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I was recently leading a client workshop where I get a question that I had never heard before, “Why are you emphasizing such an aggressive use of analytics if content marketing should be a soft sell?”

Let me unpack the context of the question, so that it is clearer. When I counsel clients on content marketing, I don’t take an idea-led, “come up with some catchy headlines” sort of approach. Sure, good ideas and click-worthy headlines are important, but it isn’t where you start.

You start with the numbers.

You start with understanding what your customers want, yes, but also with what you know will move them. So you spend a lot of time researching topics that are popular, but more than that, you figure out which topics will attract the prospects who will likely buy from you. And how do you do that?

You focus on your differentiation.

If you have a product that solves ten problems, but three of them you solve better than anyone else in the market, why spread your content marketing budget thin by writing about all ten problems? If you aren’t differentiated for seven of them, then won’t many of your readers choose the competition when they start comparing?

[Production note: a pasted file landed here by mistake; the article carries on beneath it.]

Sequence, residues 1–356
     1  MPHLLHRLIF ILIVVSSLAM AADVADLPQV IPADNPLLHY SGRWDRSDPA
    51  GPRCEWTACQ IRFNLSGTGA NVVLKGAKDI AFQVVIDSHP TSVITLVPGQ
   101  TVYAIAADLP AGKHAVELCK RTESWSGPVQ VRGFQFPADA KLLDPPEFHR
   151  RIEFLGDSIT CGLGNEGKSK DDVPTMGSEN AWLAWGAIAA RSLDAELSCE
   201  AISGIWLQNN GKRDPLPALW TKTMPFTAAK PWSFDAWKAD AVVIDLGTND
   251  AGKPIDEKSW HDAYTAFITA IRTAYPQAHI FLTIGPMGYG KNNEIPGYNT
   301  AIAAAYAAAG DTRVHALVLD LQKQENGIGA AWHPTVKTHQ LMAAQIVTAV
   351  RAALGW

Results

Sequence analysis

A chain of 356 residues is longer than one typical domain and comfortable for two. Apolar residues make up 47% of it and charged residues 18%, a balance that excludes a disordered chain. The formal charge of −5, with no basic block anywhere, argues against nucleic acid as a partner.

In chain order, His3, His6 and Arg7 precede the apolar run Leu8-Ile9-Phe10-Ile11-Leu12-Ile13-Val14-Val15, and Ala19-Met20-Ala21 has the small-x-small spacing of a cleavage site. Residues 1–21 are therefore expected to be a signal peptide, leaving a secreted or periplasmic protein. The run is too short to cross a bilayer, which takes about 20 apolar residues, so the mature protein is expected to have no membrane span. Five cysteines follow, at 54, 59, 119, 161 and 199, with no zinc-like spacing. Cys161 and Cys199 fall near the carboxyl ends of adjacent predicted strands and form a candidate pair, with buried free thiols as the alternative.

Instead, focus all (or at least most) of your budget on your differentiation–on those three problems where you are so good that prospects would be idiots not to buy from you. That way, you are more likely to sell to the prospects who discover your content marketing, because when they compare, you win.

When I kept hammering away at focusing your marketing on attracting people who will actually buy, I was asked the above question.  To some, it might seem like these analytics are leading to a hard sell instead of the soft sell that content marketing actually requires.

But that’s not the case at all.

What’s really true is that you need to do both. You need to do a soft sell in content marketing (especially higher in the funnel) but you can use hard-nosed analytics to focus your marketing on the people most likely to buy from you. They don’t conflict–it is just a good way to use your scarce resources.

Hard on the numbers and soft on the sell–that is the formula that will take your content marketing to the next level.


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Mike Moran

About Mike Moran

Mike Moran has a unique blend of marketing and technology skills that he applies to raise return on investment for large marketing programs. Mike is a former IBM Distinguished Engineer and a senior strategist at Converseon, Revealed Context, and SoloSegment. Mike is the author of three books on digital marketing and is an instructor at Rutgers Business School. He is a member of the Board of Directors of SEMPO, a Senior Fellow at the Society for New Communications Research, and a Certified Speaking Professional.

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